Monthly Archives: August 2008

The ABCs of DE, Vol. 6

Mention Dave Edmunds’ 1983 album “Information,” and that may bring to mind two things: Jeff Lynne, who wrote one song for it and produced two songs on it, and that synthesizers were used.

Dig deeper into the grooves on this album, though, and you’ll find some more traditional Dave Edmunds sounds. Dave covers tunes by NRBQ and Otis Blackwell.

He also covers this early tune from a Boston bar band that scored a record deal with its incendiary stage show, which featured sizzling originals and old R&B and blues tunes. Peter Wolf and Seth Justman wrote “Wait” for the J. Geils Band’s first album, way back in 1970. It was the first cut on that album.

“Wait,” Dave Edmunds, from “Information,” 1983. (The album link is to an import two-fer CD also featuring “D.E. 7th,” his 1982 album.)

All of this is a sneaky way of hepping you to the latest post over at our other blog, The Midnight Tracker, where we’re serving up Side 1 of “Information.” This tune is the fourth cut on that side.


Filed under August 2008, Sounds

This is how you open a show

When the who’s who of Catholics in our corner of Wisconsin gathered at the cathedral in downtown Green Bay yesterday afternoon, they got a little surprise. They found out their new bishop, David Ricken, is a different breed of cat.

As he started the sermon at his installation ceremony, Ricken thought back to the last time he moved to a new place as bishop. As he drove to Cheyenne, Wyoming, from Colorado, he wondered what the folks there listened to. He flipped the radio dial, going from Mozart to this country classic, written and recorded first by Terry Fell in 1954:

“Truck Drivin’ Man,” Commander Cody and His Lost Planet Airmen, from “Hot Licks, Cold Steel & Truckers’ Favorites,” 1972. Out of print, even the 1990 CD re-release.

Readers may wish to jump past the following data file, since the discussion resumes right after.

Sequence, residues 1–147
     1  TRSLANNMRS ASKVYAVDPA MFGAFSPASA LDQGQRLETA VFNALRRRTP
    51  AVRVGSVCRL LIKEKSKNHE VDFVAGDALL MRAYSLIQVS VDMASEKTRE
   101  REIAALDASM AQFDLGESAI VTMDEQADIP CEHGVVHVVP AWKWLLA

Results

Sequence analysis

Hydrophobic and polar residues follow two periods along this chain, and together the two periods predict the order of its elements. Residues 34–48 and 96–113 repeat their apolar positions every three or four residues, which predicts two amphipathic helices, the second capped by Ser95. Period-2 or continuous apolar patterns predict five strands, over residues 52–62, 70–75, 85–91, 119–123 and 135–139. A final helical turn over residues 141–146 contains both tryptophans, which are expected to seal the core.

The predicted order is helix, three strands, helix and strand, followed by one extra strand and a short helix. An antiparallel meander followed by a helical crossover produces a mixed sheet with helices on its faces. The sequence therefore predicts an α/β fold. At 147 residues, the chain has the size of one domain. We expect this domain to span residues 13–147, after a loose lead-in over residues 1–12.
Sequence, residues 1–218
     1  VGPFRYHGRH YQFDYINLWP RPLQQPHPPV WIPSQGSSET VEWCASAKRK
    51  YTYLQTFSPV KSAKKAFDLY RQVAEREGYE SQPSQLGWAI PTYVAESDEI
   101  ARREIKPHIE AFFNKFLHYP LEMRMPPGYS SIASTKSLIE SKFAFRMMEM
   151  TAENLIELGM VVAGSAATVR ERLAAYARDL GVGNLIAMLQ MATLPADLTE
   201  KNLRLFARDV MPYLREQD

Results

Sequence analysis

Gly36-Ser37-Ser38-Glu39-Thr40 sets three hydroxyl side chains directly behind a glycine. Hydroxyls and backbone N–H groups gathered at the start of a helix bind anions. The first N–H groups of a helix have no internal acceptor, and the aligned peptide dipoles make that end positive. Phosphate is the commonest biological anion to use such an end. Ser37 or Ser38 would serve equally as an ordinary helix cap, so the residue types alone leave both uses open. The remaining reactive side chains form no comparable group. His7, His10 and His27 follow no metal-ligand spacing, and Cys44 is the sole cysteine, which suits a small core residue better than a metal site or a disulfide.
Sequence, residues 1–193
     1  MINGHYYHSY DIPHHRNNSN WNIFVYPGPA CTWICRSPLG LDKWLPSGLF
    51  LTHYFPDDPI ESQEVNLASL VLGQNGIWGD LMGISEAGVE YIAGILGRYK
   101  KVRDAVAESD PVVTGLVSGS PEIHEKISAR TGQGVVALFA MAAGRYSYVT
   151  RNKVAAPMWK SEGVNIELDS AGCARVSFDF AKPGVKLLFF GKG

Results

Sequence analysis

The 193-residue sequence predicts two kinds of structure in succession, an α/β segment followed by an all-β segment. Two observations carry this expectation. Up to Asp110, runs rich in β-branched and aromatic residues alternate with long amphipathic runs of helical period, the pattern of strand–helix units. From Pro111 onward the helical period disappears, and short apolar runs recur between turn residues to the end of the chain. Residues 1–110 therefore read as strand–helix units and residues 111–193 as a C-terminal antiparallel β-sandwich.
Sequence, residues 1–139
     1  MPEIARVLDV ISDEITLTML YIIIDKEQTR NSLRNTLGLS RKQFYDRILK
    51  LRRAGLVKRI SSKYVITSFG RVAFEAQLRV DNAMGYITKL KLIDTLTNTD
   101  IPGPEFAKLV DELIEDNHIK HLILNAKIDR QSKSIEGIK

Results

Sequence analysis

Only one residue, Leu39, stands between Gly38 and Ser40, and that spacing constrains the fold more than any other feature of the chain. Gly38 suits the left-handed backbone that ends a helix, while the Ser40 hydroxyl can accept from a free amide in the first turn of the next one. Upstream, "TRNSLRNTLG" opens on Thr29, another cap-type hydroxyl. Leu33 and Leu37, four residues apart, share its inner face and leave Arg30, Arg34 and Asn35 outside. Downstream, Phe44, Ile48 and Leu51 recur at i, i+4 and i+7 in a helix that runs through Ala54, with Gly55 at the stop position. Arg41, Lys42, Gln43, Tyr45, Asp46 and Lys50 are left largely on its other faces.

The new bishop did a little more than reminisce. He started singing “Truck Drivin’ Man” at this most formal, traditional and reverent ceremony. It broke the place up.

He wasn’t done, though. He said his move to Green Bay reminded him of another tune.

“Drop Kick Me, Jesus,” Bobby Bare, 1976, originally released on “The Winner and Other Losers” and available on “The Essential Bobby Bare,” a 1997 CD release.

The new bishop sang that, too. It broke the place up again. Appropriate for Green Bay, ya think?

Noting that a song with the lyrics “Drop kick me, Jesus/Through the goal posts of life” carried “a certain profundity,” the new bishop went on to more spiritual matters, of course.

But you’d think those songs — in that setting — will be remembered far longer than anything he had to say after that.


Filed under August 2008, Sounds

A welcome blast from the past

If you wonder where your guide has been lately, I’ve been playing outside.

Playing outside so much that I’ve had little time to listen to tunes. Time enough, really, to check the e-mail and get on with the day.

Today’s e-mail delivers the welcome news that AC/DC is streaming the first single off its new album. “Rock ‘N’ Roll Train” isn’t an instant classic, nor does it break any new ground, but it’ll fit in nicely alongside all those AC/DC tunes you already know.

Phil Rudd’s drumming drives the whole thing … like a locomotive, of course. And, yes, Angus Young can still play like no one else and Brian Johnson’s delightfully shredded voice remains.